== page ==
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SMSF overview of the Federal Budget 2017-18

As we still work through the impact of last year’s Federal Budget in readiness for 1 July 2017, tonight’s Budget delivered a much softer impact for superannuation and SMSFs specifically.  A focus on this year’s Federal Budget, delivered by the Treasurer, Scott Morrison, was around dealing with the cost of living pressures and living within our means.  Some of these issues had been flagged previously through the Productivity Commission’s review into housing decisions for older Australians and the ongoing work more broadly around superannuation policy for post-retirement.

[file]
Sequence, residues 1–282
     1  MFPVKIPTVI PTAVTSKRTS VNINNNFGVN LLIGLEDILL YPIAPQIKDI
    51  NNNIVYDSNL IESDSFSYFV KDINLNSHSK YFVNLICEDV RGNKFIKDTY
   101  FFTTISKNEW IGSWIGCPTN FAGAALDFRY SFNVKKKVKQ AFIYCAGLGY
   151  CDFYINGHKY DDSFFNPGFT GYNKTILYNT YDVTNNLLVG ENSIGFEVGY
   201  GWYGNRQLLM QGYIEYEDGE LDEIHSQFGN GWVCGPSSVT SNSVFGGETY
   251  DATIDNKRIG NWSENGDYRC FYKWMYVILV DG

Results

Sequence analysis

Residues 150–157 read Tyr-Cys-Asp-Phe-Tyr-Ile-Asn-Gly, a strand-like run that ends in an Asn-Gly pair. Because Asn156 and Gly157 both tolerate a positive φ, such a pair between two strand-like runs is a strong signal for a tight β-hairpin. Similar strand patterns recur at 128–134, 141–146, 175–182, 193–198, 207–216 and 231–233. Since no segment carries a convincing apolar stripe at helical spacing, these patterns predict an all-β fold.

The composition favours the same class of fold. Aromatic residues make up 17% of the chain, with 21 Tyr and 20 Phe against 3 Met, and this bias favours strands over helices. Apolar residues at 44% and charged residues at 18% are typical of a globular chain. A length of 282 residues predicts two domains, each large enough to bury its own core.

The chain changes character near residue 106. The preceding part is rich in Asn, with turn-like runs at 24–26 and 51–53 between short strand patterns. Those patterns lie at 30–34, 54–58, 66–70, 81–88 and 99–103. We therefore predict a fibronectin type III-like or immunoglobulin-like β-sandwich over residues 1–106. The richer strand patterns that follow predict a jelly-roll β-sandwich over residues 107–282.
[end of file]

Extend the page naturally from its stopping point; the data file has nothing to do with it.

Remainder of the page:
Importantly, against the backdrop of last year’s super reform measures, this year delivers some positive news for older Australians making contributions into superannuation – you may recall, it was intended in last year’s reforms to extend the contribution rules through to age 74 (without a work test) but was subsequently dropped in negotiations to amend the non-concessional contribution rules.

Here’s a summary of the changes, including my comments on the impacts of these announcements:

1. Reducing Pressure on Housing Affordability — contributing the proceeds of downsizing to superannuation

The Government will allow a person aged 65 or over to make a non-concessional contribution of up to $300,000 from the proceeds of selling their home from 1 July 2018.  These contributions will be in addition to those currently permitted under existing rules and caps and they will be exempt from the existing age test, work test and the $1.6 million balance test for making non-concessional contributions.